PRODUCTION MANAGEMENT RESEARCH FOR HORTICULTURAL CROPS IN THE GULF SOUTH
Location: Southern Horticultural Research
Title: Seasonal Presence of Rhizoctonia Species in Container-grown Azalea
Submitted to: Southern Nursery Association Research Conference
Publication Type: Proceedings
Publication Acceptance Date: March 15, 2009
Publication Date: August 1, 2009
Citation: Copes, W.E., Cubeta, M.A., Toda, T., Rinehart, T.A. 2009. Seasonal Presence of Rhizoctonia Species in Container-grown Azalea. Southern Nursery Association Research Conference Vol.54 pg 66-68.
Interpretive Summary: Rhizoctonia web blight annually damages some commonly sold azalea cultivars during summer months in commercial nurseries. It was not known if the fungal pathogen lives year-round on container-grown azaleas or the pathogen can die-off thus the plant become free of the pathogen. Azalea roots, stems, and leaves, and the pine bark substrate were sampled for the presence of the pathogen during December, February, May, June, and July. Rhizoctonia was found to grow on all plant surfaces during all months of the year. The information provides useful knowledge that will be used for devising practical diseaes control practices, which will be useful to nursery producers, extension scientists, and research plant pathologists.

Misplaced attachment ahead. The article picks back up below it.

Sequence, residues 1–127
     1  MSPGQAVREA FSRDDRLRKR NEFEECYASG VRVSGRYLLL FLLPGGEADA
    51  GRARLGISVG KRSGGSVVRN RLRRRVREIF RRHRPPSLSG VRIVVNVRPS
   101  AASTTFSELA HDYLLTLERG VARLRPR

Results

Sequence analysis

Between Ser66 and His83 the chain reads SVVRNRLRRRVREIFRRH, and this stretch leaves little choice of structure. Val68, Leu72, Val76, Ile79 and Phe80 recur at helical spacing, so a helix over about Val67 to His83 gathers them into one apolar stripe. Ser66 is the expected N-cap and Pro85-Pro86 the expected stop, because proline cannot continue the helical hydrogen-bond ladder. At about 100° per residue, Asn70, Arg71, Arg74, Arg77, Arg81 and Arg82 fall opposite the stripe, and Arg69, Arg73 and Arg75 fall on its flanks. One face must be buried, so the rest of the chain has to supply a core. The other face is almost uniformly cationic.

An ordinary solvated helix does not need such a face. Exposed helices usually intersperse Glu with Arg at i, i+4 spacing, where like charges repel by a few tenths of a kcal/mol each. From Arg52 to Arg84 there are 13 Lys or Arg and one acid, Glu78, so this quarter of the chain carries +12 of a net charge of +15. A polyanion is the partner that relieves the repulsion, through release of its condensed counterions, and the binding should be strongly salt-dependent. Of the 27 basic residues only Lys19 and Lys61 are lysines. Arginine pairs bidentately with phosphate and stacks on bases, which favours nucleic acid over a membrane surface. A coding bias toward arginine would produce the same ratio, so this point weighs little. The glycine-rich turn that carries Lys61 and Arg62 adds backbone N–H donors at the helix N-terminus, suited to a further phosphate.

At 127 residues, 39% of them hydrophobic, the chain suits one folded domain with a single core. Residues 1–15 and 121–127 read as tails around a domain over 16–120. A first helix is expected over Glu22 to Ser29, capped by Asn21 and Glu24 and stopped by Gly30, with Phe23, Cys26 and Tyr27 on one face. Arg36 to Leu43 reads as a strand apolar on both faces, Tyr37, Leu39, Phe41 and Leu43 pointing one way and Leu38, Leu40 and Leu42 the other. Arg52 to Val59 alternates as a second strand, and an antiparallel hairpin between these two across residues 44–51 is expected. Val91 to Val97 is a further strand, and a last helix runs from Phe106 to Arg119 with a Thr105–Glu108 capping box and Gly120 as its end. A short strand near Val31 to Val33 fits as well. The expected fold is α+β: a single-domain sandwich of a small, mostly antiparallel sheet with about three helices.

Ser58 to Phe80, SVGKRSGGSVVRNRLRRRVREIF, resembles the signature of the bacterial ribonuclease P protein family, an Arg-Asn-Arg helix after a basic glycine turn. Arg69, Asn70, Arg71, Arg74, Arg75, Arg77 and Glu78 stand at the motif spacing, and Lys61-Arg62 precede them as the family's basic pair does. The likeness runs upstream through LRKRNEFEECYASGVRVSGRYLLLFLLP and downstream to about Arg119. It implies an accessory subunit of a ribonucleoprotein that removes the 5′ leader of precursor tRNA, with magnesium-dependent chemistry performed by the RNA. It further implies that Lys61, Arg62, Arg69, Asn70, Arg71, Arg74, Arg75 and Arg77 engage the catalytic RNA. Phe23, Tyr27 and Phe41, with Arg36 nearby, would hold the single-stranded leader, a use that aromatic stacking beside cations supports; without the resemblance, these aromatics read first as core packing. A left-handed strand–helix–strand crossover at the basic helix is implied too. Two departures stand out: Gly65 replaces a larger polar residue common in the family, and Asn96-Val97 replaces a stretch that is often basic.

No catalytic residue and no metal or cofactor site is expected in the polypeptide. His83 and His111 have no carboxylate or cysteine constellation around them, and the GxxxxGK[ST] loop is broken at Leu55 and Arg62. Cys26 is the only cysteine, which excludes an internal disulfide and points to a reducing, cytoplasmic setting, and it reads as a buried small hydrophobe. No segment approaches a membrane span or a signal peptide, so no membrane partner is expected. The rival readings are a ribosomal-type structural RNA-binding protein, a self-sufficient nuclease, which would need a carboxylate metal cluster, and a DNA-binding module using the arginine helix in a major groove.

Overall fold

Rhizoctonia web blight has been observed to be regularly distributed across large nursies and randomly distributed in blocks of azalea cultivars of varying susceptibility. The main objective of this project was to determine seasonal changes in the population of binucleate Rhizoctonia species in individual container-grown azaleas. Plants were destructively sampled in December, February, May, June, and July and tissue plated on an agar medium to assess frequency of recovery of Rhizoctonia species. A total of 3600 isolates were recovered over 2 years. Recovery frequency was high from the dead leaves (66 to 98%) at all sample dates. Rhizoctonia species were recovered more frequently from the top 1 1/4 inch of the bark media (17 to 55%) and the lowest 3/4 inch of the plant's trunk (68 to 100%) than from bark media and stem zones at further distances from the dead leaf layer. Recovery levels were lowest in May from the middle and lower zones of bark media and in June from stems in the upper-most canopy. Despite the population decline during early summer, the fungus was recovered from the current year's stems (5 to 20%) in early June, the time when stems are collected for propagation at many commercial nurseries. Our research suggests that once individual container-grown azalea plants become colonized by binucleate Rhizoctonia AG P the fungus persists on bark substrate and on plant surfaces from year-to-year in the container. Future studies will be needed to investigate the potential of eliminating the pathogen from stem cuttings used for propagation and of maintaining disease-free plants throught the production process.